Researchers have uncovered the mechanism behind a previously unexplained phenomenon, where local radiation of a tumor causes tumors in other body parts to shrink.
Findings showed that radiation caused tumor-associated immune cells, called neutrophils, to die. The dead cells were replaced by new neutrophils, which attacked both the irradiated tumor and those in other parts of the body. Importantly, researchers discovered the response could be boosted with a natural immune factor.
The study, “Key role for neutrophils in radiation-induced antitumor immune responses: Potentiation with G-CSF,” was published in the journal Proceedings of the National Academy of Sciences (PNAS).
Scientists have long known that radiating a primary tumor sometimes can make other tumors in the body shrink. Physicians refer to this as the “abscopal effect.” But so far, no one has been able to explain how it happens.
“The abscopal effect is only seen sporadically, but when it does happen, the effect induces a long-lasting, anti-tumor response in patients,” Raquibul Hannan, MD, senior author of the study, said in a news release. Hannah is an assistant professor of Radiation Oncology and a member of the Harold C. Simmons Comprehensive Cancer Center at University of Texas Southwestern Medical Center in Dallas.
The research team used mice as models to understand the phenomenon, and discovered that neutrophils are key players in this response. Immune cells, such as neutrophils, are set up to fight cancer cells. But many cancers use strategies that, instead, make immune cells run the tumor’s errands, helping it to grow.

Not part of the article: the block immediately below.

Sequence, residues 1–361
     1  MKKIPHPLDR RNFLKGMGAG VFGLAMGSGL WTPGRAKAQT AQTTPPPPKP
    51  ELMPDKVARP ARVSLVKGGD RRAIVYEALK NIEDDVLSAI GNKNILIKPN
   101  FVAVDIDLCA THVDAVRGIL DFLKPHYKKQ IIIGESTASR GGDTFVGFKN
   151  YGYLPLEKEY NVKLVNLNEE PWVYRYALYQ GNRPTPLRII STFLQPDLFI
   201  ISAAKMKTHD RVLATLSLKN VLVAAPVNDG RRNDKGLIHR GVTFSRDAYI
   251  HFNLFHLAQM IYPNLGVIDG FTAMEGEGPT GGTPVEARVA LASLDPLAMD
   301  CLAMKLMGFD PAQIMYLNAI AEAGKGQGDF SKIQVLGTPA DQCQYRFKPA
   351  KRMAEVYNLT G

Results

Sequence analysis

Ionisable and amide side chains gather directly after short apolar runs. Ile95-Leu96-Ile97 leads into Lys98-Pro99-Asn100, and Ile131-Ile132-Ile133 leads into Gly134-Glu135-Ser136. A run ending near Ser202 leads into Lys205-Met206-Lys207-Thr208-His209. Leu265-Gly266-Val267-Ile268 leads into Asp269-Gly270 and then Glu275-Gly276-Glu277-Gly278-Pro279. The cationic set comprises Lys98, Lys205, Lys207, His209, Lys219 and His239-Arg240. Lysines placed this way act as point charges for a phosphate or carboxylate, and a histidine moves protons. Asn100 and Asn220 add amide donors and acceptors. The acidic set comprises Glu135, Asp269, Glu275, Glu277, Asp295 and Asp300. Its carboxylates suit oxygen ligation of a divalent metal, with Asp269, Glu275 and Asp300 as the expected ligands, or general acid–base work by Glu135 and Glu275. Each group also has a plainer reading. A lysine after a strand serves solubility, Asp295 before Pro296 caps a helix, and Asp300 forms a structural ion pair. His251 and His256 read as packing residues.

When the primary tumor in the mice was irradiated, researchers noted the tumor-associated neutrophils died. This recruited new neutrophils to the site, and since they had not been subdued by the tumor, they attacked both the primary tumor, and spread through the body to attack also other tumors.
The study also showed that the newly activated neutrophils, in turn, activated immune T-cells to fight the cancer.
“To our knowledge, this is the first study to identify radiation-induced neutrophils and to demonstrate their anti-tumor activity via both innate and adaptive immune responses,” said Tsuguhide Takeshita, MD, instructor in Radiation Oncology and lead author of the study.
In an experiment that further increased the usefulness of the findings, the research team was able to show that giving mice G-CSF (granulocyte colony-stimulating factor) before the radiation, triggered the capacity of the activated neutrophils to kill cancer cells.
G-CSF is an immune factor present naturally in the body and involved in the production of neutrophils and other immune cells. The factor already is used in the clinic to treat conditions where patients lack such cells.
“These results provide support for evaluating the combined use of radiation therapy and G-CSF in pre-clinical and clinical settings,” said Hannan, adding that the long-term goal of the team is to do away with the sporadic nature of the phenomenon and master the process so that physicians will be able to induce it every time a tumor gets irradiated.